|USFDC Home | Search all Groups | Hampton Dunn Photouring Florida Collection||| RSS|
This item is only available as the following downloads:
xml version 1.0 encoding UTF-8 standalone no
record xmlns http:www.loc.govMARC21slim xmlns:xsi http:www.w3.org2001XMLSchema-instance xsi:schemaLocation http:www.loc.govstandardsmarcxmlschemaMARC21slim.xsd
leader nam 2200301Ia 4500
controlfield tag 001 002318829
006 m d
007 cr nna||||||||
008 100908s196u flua s 100 0 eng d
datafield ind1 8 ind2 024
subfield code a D33-0261
Yanks stopped in fierce fight at Woodville
h [electronic resource] /
by Hampton Dunn.
1 online resource (2 p.) :
Title from caption on PDF of p.1 (viewed Sept. 8, 2010).
At head of title: Photouring Florida.
Typescript of Photouring Florida column that describes the Civil War battle of Woodville in which West Florida Seminar college cadets, militia, and wounded Confederate veterans fought to keep Tallahassee under Confederate control.
y Civil War, 1861-1865
t Hampton Dunn Photouring Florida collection.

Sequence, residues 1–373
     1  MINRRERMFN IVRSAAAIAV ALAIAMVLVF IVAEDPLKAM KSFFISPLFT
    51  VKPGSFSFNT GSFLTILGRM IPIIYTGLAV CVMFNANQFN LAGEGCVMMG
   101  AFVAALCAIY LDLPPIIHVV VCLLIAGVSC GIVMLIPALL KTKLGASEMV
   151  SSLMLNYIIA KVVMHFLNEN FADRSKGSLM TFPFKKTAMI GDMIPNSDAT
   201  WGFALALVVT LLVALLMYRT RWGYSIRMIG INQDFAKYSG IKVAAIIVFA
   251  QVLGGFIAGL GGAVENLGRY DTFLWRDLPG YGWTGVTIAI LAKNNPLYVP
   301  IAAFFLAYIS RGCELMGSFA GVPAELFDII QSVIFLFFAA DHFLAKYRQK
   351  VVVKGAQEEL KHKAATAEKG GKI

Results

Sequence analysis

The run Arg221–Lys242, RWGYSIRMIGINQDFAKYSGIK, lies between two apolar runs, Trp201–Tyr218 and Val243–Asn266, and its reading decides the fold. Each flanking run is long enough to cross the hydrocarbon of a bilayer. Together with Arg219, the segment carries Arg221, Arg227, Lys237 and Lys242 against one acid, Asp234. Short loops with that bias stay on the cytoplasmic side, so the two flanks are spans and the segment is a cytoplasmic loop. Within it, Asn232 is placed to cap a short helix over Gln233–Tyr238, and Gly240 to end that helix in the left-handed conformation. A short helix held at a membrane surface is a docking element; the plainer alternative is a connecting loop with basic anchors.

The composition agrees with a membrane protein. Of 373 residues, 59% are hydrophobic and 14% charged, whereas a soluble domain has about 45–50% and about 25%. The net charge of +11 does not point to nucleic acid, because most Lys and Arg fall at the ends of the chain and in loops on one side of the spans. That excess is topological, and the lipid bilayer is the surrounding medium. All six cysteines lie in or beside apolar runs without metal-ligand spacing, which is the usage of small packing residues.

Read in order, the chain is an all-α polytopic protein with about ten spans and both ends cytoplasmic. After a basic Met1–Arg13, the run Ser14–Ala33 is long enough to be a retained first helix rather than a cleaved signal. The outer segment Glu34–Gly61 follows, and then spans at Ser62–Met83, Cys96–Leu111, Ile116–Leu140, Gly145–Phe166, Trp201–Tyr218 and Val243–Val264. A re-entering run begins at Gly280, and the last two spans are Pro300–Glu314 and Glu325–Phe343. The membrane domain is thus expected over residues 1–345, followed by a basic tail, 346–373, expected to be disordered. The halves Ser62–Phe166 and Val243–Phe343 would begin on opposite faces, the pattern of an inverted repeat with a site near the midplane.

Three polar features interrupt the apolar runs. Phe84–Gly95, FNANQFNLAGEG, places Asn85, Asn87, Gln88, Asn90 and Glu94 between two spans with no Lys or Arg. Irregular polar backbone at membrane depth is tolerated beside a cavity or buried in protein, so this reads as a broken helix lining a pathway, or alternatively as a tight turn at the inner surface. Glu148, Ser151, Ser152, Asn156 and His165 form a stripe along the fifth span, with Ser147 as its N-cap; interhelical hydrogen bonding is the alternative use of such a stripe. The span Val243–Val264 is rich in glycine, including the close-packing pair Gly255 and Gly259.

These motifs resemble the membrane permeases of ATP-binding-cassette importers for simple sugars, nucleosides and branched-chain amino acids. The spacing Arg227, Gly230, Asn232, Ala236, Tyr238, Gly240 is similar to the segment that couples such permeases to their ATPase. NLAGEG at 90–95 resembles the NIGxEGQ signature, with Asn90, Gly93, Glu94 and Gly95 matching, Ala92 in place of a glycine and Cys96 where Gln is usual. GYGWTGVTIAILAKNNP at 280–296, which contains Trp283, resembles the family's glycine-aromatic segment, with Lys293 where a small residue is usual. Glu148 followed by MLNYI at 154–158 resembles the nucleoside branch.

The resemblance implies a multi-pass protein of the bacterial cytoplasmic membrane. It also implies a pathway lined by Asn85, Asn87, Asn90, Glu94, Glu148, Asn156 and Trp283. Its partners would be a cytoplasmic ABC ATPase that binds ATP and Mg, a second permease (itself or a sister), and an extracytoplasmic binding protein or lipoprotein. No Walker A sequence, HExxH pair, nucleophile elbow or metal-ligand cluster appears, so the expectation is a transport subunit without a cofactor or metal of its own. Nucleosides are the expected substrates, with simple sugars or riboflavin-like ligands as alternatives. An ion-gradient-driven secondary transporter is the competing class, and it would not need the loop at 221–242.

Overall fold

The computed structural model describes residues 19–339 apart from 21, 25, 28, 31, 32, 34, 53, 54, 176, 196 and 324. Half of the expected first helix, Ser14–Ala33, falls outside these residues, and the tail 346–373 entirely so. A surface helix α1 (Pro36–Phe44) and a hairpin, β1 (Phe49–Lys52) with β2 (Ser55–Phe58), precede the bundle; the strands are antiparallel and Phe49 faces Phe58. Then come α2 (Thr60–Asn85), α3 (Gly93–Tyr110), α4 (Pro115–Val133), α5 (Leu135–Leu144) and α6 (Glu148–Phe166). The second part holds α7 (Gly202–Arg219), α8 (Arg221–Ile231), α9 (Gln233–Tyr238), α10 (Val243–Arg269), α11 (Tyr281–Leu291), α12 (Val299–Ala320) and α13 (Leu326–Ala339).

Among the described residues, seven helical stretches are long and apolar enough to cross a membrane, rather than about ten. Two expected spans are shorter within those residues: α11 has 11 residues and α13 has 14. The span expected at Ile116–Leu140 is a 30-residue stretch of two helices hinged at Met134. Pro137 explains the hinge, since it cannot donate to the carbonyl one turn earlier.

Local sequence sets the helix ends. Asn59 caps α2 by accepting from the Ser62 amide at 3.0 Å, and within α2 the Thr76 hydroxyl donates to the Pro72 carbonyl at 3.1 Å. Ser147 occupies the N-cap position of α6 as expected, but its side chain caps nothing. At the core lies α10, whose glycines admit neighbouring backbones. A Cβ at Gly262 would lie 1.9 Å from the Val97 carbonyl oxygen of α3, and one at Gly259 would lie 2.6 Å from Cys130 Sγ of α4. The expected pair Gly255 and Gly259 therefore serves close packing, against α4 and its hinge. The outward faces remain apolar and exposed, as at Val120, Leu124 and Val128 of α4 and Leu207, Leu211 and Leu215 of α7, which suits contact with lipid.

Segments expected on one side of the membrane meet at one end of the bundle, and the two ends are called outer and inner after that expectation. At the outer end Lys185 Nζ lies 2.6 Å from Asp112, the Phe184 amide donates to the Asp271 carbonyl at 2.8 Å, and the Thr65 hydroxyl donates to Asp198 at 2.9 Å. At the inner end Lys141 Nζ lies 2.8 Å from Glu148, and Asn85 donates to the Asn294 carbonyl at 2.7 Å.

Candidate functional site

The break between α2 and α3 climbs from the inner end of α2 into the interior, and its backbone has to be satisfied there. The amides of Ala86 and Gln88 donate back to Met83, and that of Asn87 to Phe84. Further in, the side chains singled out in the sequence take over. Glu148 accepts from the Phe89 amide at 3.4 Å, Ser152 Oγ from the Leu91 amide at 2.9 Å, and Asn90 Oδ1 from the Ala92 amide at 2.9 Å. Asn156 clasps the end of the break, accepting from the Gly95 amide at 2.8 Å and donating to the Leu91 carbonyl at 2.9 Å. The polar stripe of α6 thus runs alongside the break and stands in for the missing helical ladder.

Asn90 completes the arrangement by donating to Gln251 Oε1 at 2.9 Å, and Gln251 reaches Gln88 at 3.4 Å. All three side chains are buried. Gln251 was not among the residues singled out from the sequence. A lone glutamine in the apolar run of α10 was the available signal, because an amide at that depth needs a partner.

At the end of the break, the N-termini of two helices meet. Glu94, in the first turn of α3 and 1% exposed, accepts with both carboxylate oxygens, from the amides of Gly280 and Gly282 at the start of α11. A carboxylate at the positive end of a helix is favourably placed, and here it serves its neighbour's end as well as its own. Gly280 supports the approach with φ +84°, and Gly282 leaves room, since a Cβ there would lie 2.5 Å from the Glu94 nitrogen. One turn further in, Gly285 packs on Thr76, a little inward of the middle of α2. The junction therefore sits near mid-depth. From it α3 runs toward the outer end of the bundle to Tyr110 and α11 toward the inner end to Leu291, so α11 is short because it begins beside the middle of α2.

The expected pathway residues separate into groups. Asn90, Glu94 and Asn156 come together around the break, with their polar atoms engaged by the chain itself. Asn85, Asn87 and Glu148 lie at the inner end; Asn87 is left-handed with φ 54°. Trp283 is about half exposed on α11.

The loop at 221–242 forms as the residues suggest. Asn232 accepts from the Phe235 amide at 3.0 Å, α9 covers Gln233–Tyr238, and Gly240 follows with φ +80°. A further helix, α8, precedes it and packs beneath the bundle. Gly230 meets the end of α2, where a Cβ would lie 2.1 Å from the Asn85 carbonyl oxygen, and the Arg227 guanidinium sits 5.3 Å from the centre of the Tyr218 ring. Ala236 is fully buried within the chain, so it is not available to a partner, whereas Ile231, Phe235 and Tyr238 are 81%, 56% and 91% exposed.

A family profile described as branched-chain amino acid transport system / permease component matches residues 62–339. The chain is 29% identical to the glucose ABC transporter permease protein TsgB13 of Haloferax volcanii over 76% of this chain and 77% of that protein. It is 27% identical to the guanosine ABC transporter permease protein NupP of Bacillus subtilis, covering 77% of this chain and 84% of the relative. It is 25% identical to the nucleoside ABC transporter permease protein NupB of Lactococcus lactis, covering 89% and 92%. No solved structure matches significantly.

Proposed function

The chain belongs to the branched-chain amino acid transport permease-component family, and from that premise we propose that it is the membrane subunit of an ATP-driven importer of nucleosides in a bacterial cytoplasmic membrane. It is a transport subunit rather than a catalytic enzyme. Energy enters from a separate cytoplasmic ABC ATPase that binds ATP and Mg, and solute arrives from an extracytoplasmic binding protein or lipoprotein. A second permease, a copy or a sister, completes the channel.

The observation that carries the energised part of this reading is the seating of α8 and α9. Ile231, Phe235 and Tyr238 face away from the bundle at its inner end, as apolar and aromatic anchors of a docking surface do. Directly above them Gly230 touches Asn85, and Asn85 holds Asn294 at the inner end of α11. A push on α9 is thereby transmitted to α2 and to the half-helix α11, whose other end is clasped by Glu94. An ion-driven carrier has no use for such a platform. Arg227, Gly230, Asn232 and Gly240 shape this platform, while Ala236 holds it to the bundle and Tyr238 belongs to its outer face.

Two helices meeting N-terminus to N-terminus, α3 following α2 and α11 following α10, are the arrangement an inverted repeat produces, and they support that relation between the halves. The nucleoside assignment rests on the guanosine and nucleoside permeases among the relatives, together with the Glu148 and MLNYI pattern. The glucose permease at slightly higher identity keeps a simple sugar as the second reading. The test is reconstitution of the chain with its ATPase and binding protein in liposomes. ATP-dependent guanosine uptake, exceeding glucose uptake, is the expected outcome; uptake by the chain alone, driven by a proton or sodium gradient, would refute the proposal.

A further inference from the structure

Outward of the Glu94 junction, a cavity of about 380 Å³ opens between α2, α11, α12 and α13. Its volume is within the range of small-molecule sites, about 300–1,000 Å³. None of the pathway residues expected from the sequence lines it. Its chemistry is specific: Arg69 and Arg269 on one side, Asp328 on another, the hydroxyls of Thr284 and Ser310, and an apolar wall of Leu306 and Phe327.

o12 YANKS STOPPED IN FIERCE FIGHT AT WOODVILLE By HAMPTON DUNN WOODVILLE --Florida's state Capitol was the only seat of State government east of the Mississippi River which wasn't captured by the Federals during the Civil War. But it certainly was thre atened in the waning days of that con flict. On March 6, 1865, a brave band of college cadets joined a mot ley militia of old men and wounded vets to save the capital city from capture here at the Battle of Natural Bridge. Today, Florida State University (FSU) R. O. T. C. cadets proudly dis play the Confederal Battle Streamer, an honor won that day when the young cadets from West Florida Seminary, predecessor of FSU, bested the Union soldiers at this historic spot. Woodville is a tiny community just off U .S. 319, about 15 miles south of the capital city of Tallahassee. The Northern forces wanted not only to add the Florida Captiol to their collection of subdued states, but they also wanted to capture nearby plantations in north Florida and south Georgia w hich were still producing cotton and agricultural products. A large flotilla of Union men under Gen. John Newton, totaling about 1,000, landed at St. Marks lighthouse, on the coast due south of the capital city. The alarm was sounded in Tallahassee. The c ollege kids and the home guard rallied rapidly to form a courageous fighting unit. They were led by Confederate General Sam Jones. The Federals made their way up as far as this little community, where the St. Marks River disappears underground. They were met and repelled by the determined cadets and militia men.